A gift from the heart when tragedy strikes

Aid & development, Blogs article written on the 17 Apr 2018

When earthquakes devastated Nepal in 2015, thousands of lives were lost, homes were reduced to rubble and livelihoods were shattered.

In the wake of the disaster, people from across Australia joined forces with Oxfam to extend a helping hand to those affected. Til (pictured) is one of those people.

Til is a 60-year-old woman from Sindhupalchowk, Nepal. Without the generosity of Oxfam supporters, her family might still be homeless and drinking contaminated ground water.

“I don’t know what to say to people that far away in Australia,” Til says.

“From that far away, although they did not see with their eyes, they saw with their hearts and sent support. For us, they are like gods. They are like god Lord Shiva to us.”

Thanks to the generous people who “saw with their hearts” when tragedy rained down on Nepal, we’ve reached more than 587,000 earthquake survivors with building supplies, livelihood support, vital clean water and hygienic sanitation to prevent life-threatening waterborne disease.

Photo: Abbie Trayler-Smith/OxfamAUS

Water had always been scarce in Til’s village, long before the earthquakes. As a young mother, she would traipse to a distant water source to fill heavy pots with water for her family.

Til recalls, “It was difficult to carry them on our sides so we used to carry them on our backs with support of rope. I had to carry my child as well.”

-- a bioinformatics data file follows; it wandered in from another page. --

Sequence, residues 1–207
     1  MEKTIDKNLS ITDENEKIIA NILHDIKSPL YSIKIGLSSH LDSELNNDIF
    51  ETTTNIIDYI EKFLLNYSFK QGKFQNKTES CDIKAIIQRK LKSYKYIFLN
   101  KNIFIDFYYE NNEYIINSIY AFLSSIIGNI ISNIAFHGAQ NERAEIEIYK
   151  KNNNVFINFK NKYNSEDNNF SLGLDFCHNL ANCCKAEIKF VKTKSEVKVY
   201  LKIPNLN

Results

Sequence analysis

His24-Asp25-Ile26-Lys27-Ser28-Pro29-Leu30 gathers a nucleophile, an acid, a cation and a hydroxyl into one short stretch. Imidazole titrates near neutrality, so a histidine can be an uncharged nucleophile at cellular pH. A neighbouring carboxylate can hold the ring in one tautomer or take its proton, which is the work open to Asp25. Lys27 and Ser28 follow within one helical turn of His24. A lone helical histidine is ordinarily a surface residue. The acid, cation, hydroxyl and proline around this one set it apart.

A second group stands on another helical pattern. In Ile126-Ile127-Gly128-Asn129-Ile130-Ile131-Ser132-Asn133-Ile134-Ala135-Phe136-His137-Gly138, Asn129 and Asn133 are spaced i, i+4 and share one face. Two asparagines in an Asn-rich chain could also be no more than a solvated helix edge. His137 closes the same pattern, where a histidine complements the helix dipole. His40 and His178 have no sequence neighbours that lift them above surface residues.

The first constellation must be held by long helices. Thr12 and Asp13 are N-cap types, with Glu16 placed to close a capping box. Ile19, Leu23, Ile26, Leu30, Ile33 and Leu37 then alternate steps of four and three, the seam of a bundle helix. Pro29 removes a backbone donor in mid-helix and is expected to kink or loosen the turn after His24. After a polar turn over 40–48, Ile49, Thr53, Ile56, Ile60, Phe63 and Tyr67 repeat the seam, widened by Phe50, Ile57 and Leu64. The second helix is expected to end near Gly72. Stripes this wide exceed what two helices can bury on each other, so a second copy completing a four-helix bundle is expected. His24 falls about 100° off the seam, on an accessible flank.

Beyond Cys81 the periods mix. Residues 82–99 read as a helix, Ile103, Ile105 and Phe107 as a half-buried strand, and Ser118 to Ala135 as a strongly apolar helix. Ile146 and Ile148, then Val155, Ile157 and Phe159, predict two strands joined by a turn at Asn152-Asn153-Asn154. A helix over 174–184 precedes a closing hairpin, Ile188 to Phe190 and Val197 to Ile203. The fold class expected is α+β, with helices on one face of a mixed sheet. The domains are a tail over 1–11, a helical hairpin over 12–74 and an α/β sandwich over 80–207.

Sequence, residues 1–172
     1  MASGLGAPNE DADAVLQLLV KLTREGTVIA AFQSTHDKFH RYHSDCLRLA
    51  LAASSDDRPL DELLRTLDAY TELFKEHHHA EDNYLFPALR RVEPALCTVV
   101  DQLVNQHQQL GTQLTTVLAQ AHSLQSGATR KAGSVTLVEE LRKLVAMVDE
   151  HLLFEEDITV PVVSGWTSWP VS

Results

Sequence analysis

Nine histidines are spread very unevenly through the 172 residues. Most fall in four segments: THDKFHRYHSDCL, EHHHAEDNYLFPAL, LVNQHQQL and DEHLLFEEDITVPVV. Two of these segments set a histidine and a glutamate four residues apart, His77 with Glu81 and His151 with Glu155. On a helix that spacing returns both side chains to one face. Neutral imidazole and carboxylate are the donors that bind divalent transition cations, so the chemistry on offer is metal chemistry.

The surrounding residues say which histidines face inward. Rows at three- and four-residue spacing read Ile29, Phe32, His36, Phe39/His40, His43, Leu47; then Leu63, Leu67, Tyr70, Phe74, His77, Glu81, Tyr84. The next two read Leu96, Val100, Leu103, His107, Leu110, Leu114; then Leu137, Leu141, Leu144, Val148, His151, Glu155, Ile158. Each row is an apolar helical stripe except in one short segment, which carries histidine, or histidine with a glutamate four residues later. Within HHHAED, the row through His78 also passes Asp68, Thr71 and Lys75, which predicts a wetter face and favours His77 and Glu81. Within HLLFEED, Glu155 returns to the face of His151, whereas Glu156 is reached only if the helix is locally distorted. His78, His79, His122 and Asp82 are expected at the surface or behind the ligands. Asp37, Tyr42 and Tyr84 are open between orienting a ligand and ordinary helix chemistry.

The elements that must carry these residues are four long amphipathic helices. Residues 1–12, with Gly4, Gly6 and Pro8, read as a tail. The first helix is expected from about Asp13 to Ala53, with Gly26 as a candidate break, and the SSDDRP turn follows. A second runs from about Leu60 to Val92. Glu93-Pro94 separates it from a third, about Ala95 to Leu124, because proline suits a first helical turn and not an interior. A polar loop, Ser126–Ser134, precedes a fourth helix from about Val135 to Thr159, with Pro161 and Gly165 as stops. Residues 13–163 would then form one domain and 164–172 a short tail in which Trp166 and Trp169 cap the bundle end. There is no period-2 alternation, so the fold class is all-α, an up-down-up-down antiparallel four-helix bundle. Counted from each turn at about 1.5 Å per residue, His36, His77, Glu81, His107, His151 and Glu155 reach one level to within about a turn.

Eventually, Til’s community constructed a tap and water tank, closer to the village. Though it barely supplied enough water for everyone in the village, it was an improvement.

The devastation of the 2015 Nepal earthquake. Photo: EPA/Narendra Shrestha

When tragedy struck in 2015, the water source was ruined.

Til explains, “After the earthquake, all the water went underground … whatever little water would seep through, we would collect it.”

The earthquake also wrecked Til’s modest home, leaving her family without proper shelter.

“That was how we were managing, and then people from Oxfam came and provided some support,” she recalls.

“Oxfam gave us materials and then we could bring the tap nearby — after that, it has become comfortable and it is good.”

Photo: Abbie Trayler-Smith/OxfamAUS

For Til, clean water has been a life-changing gift.

She says, “It has made a huge difference. An old couple like us need only a kettle of water for cooking, which I can easily bring from this tap now.”

“Also, I can join the pipe and take water directly for the buffaloes to drink. It’s so good now.”

“If it was not fixed, we would have faced a hard time. We would not have had enough water. Having this is like a godsend for us women … it’s us who need water.”

Photo: Abbie Trayler-Smith/OxfamAUS

Women bear the full burden of domestic work in Nepal, including growing food, finding firewood and hauling water. In poor and remote communities, women can spend up to 14 hours each day hauling heavy loads of water.

In these communities, many families have no choice but to drink dangerous, contaminated water. This makes children susceptible to frequent bouts of diarrhoea due to waterborne disease — for many, it can be life-threatening.

No family deserves dirty water. That’s why we’re determined to build more new water systems for the women, men and children still living in poverty in Nepal.

Will you join forces with us to help tackle poverty in Nepal? It’s time to “see with our hearts”.

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